Author

Gary Cartwright

Gary Cartwright's Profile Photo

Gary Cartwright received his B.A. in journalism from Texas Christian University. He has had a distinguished career as a newspaper reporter and as a freelance writer, contributing stories to such national publications as Harper’s, Life, and Esquire. He was a senior editor at Texas Monthly for 25 years until his retirement in 2010 at age 76. Cartwright was a finalist for a National Magazine Award in 1986 in the category of reporting excellence. He has been the recipient of a Dobie-Paisano fellowship and has won the Texas Institute of Letters Stanley Walker Award for Journalism and the Carr P. Collins Award for nonfiction. He won the 1989 Press Club of Dallas Katie Award for Best Magazine News Story. He also won the 2005 Headliner Club of Austin award for best magazine story. Cartwright has written several books, including Blood Will Tell, Confessions of a Washed-up Sportswriter, Dirty Dealing, and Galveston: A History of the Island, published in 1991. He has co-written three movie scripts, J. W. Coop (Columbia, 1972); A Pair of Aces (CBS-TV, 1990), which he also co-produced; and Pancho, Billy and Esmerelda, which he co-produced for his own production company in 1994. In addition, he co-produced Another Pair of Aces for CBS. Blood Will Tell was filmed by CBS-TV as a four-hour miniseries in 1994. In 1998 his book, HeartWiseGuy, was published.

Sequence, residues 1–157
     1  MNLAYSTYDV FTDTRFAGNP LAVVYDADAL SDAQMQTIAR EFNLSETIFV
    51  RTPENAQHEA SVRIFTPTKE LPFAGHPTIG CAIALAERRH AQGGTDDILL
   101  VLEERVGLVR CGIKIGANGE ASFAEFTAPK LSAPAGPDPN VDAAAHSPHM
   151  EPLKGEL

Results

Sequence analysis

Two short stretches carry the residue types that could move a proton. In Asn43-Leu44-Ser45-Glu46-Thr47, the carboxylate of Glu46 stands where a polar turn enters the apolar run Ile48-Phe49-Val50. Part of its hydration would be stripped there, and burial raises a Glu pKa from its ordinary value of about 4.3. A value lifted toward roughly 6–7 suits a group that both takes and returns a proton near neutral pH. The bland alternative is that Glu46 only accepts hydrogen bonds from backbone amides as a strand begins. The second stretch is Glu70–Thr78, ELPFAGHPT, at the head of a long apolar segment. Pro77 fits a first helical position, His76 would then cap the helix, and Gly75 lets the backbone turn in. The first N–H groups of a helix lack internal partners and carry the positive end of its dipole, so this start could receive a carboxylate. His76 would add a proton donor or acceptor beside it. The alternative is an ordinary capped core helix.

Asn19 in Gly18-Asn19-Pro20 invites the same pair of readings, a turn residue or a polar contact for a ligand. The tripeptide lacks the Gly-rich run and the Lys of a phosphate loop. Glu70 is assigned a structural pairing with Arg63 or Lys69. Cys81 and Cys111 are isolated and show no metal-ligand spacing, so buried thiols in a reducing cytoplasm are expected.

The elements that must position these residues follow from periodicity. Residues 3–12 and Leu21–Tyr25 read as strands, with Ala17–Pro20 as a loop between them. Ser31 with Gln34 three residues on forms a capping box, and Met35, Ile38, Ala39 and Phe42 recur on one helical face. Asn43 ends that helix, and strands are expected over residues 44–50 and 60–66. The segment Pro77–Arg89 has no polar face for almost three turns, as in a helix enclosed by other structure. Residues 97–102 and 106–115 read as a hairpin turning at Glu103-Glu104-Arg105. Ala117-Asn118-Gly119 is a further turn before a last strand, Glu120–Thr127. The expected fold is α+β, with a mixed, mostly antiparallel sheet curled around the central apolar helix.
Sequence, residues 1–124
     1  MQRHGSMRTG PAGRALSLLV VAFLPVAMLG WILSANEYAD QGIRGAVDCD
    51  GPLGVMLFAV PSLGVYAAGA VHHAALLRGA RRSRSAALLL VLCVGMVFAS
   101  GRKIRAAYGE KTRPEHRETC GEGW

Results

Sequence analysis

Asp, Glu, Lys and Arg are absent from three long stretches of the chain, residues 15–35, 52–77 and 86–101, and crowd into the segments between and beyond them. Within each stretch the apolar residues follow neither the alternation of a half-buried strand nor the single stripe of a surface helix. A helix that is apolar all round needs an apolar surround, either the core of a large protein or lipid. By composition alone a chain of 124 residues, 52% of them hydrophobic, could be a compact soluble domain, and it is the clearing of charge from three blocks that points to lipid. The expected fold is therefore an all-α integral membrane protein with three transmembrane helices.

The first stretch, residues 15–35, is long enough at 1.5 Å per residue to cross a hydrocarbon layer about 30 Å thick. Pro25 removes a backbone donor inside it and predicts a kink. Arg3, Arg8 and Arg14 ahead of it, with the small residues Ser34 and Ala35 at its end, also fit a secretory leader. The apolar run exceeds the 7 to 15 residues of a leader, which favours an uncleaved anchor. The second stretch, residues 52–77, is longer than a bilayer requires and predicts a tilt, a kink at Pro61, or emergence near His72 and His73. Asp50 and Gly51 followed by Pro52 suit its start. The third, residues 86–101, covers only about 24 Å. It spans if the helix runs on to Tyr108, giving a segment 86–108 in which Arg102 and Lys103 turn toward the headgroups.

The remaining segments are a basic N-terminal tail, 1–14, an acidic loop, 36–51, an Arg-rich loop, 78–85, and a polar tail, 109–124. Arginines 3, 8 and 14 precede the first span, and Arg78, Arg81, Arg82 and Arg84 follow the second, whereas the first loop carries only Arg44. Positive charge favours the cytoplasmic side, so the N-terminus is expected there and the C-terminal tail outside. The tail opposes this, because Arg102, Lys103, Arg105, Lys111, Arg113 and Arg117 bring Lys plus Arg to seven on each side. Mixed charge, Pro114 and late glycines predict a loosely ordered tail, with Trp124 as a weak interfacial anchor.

Business |
April 30, 1995

Are Texans Gun Crazy?

During the first week of April, as the Legislature considered the case for concealed weapons, Texas mourned the consequences of two gun-related tragedies in Corpus Christi: the murder of Tejano superstar Selena Quintanilla Perez and the shooting of five workers at a refinery inspection company by a disgruntled

Business |
September 1, 1994

Bo Pilgrim

He invented the boneless breast and made his chicken a household name. But now his critics are out to roast him.

Sports |
May 31, 1994

Vain Glory

Jerry Jones may have the biggest ego in football, but don’t bet against him. Even without Jimmy Johnson, he still has the best team.

Reporter |
February 1, 1994

Iron Man

The quietest member of the governor’s fitness panel throws his weight around—at last.

Travel & Outdoors |
November 1, 1993

Gila Hell

This will be our routine, I’m sorry to report. Very early every morning, at an hour when the Mogollon Mountains are still velvety silhouettes against the star-smeared sky and the predawn tranquility of the Gila Wilderness has swallowed us into the deepest valley of our dreams, we will be

Books |
December 1, 1992

Keyboard Kops

Hacker Crackdown tells how the feds busted employees of a Texas games company for a crime they didn’t commit.

Sports |
August 31, 1992

The Hungriest Coach

Three years after he replaced Tom Landry, Jimmy Johnson is giving Dallas Cowboys fans something to cheer about—and his critics are eating their words.

Feature |
March 1, 1990

Hope and Despair